Oral cavity cancer is a significant public health problem in India due to the prevalent habits of tobacco, betel quid and alcohol. India accounts for one-third of the global burden (119,992 of 354,864 new cases) of the lip and oral cavity cancer , . We propose a mobile phone-based approach (m-Health approach) in oral cancer screening to improve the ability of community health workers (CHWs) in rural settings to prevent and diagnose oral cancer at an early stage. We hypothesize that the m-Health approach will enable CHWs using a mobile phone application with decision algorithms to assess risk, diagnose oral potentially malignant disorders (OPMDs) and oral cancer early, and improve the adherence of individuals to follow up in resource-restricted settings.
The effectiveness of conventional oral screening has been shown in the Trivandrum oral cancer screening study . mHealth approach  has been validated in a study, that showed that CHWs were equally effective as specialists in oral screening . A recent publication has summarized our experience with the mHealth. The approach also has proved to be effective in 45,754 subjects . The present study will be a step forward to test the mHealth approach in a cluster-randomized two-armed study comparing it with the conventional approach. The purpose of this paper is to report the protocol for this study.
The trial will follow the CONSORT guidelines for the conduct of cluster randomised trials  and will be registered in the national(http://ctri.nic.in) and international trial registry before the start of the study.
The primary objective will be to compare the mHealth approach and the conventional clinical examination method in diagnosing oral, potentially malignant lesions and cancers. The secondary objective would be to study the cost-effectiveness of the above two strategies to diagnose oral, potentially malignant and malignant lesions. The primary outcome measure will be the number of high-risk dysplasia or cancers detected. The secondary outcome measures will be, 1) Incremental cost per case of high-risk dysplasia/ cancers detected. 2) Incremental cost per life-year saved. 3) The number of individuals who adhere to diagnostic and surveillance protocols from enrollment to completion of the study after physical examination by CHWs (Compliance rate).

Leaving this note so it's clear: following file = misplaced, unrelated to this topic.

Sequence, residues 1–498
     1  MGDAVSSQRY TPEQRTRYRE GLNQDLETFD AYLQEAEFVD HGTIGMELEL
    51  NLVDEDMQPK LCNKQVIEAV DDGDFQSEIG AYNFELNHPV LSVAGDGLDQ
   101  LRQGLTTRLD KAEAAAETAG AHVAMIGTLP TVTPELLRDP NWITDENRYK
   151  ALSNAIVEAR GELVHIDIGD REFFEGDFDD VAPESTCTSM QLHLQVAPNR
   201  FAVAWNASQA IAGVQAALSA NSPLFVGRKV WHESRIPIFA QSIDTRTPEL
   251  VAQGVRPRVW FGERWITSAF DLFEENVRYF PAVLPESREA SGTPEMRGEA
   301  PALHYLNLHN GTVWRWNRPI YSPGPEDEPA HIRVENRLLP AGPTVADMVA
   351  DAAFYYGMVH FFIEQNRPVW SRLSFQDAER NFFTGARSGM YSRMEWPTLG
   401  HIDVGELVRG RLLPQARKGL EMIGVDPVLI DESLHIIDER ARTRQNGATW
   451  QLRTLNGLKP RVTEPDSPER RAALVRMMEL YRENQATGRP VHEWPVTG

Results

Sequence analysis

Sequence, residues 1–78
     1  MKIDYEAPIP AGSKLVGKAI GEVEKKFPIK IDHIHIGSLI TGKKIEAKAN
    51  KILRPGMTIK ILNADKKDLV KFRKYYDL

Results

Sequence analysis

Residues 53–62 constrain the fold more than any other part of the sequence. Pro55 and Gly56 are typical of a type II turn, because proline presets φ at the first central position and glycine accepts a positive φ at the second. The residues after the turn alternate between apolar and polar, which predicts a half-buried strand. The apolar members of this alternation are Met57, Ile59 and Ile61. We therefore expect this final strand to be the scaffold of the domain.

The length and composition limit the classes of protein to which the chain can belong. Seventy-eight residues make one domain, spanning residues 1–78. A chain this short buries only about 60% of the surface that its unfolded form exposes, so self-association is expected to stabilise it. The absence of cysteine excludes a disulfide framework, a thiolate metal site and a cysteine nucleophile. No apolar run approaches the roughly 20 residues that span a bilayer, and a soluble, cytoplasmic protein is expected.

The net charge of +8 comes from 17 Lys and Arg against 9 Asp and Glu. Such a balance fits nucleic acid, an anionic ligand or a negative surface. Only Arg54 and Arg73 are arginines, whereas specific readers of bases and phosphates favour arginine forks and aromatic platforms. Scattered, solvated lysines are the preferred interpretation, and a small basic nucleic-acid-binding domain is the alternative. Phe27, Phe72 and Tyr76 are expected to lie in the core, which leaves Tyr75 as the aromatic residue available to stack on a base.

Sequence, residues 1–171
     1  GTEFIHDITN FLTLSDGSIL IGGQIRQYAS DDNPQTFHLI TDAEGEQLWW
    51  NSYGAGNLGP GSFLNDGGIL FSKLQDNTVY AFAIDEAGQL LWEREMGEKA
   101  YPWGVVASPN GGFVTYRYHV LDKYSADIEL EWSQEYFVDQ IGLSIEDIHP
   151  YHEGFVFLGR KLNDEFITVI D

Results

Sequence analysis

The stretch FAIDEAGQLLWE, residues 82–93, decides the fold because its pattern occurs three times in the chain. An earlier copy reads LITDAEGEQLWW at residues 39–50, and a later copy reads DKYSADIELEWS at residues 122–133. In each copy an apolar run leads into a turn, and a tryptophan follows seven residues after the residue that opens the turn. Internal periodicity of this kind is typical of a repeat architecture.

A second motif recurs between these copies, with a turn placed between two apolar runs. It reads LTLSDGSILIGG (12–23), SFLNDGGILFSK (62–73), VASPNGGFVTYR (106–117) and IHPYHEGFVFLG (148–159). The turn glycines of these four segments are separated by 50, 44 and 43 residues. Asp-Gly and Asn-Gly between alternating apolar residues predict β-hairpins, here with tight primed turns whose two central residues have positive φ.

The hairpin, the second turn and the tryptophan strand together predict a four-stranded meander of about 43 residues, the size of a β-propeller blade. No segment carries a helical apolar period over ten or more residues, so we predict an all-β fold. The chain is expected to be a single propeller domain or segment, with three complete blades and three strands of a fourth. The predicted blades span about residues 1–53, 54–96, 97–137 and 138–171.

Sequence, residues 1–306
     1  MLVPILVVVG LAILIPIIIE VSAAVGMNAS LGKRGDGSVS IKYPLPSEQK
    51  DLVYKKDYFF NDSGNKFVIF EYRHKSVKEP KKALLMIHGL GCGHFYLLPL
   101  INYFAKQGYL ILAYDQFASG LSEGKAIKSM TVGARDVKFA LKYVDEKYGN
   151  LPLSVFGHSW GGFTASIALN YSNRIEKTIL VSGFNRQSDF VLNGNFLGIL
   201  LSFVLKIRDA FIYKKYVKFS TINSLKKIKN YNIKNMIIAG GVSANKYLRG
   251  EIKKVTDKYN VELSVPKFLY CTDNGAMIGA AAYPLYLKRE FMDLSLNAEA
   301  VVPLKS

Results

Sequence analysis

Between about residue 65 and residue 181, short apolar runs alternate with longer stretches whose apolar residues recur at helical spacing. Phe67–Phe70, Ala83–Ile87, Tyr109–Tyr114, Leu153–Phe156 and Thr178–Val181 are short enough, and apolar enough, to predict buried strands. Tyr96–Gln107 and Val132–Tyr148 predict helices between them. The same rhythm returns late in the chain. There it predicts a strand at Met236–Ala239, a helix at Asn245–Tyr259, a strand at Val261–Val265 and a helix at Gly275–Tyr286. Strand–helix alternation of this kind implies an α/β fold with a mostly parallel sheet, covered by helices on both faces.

This will be a cluster-randomized clinical trial of the population in the clusters (7 Taluks-administrative subdivisions of the district) in Ernakulam district of Kerala state in India to form 6 clusters; two of the taluks with lesser population will together form a single cluster) since the population in these taluks is less) will undergo oral cancer screening by CHWs. As per the Census India 2011, Ernakulam district has 8,14,011 households and population of 32,82,388. The annual estimated incidence is 5400 of new cancers in the district. There is no definite data regarding the incidence of oral cancer and potentially malignant lesions in Ernakulam district .
The study population will be recruited from the Taluks. 3 of the 6 clusters will be randomly exposed to the intervention (mHealth) and the remaining 3 to control (Conventional method) for Oral Cancer Screening by FHPs. The CHWs will be pre-assigned to the randomly allotted intervention (mHealth) or control (conventional method) clusters. The CHWs assigned to the mHealth clusters will be using the mobile phones with an oral cancer application that has decision algorithms for risk assessment, oral lesion diagnoses and follow up care. Remote specialists at the cancer centre at the district headquarters (CCRC) will aid in the diagnosis through the mobile-based approach. The participants in the control clusters will undergo oral cancer screening by CHWs using the conventional method (Fig. 1).
Participants will include 1) men and women of 18 years or older who are at risk for developing oral cancer in the Ernakulam District of Kerala, 2) self-identified with current or previous use of tobacco and tobacco-related products, alcohol use, betel quid/areca nut use, 3) able and willing to give informed consent to willing to participate in the study. Individuals excluded would be those 1) suffering from an acute illness, 2) undergoing treatment for tuberculosis, 3) diagnosed or undergoing treatment for oral cancer, and 4) pregnant women.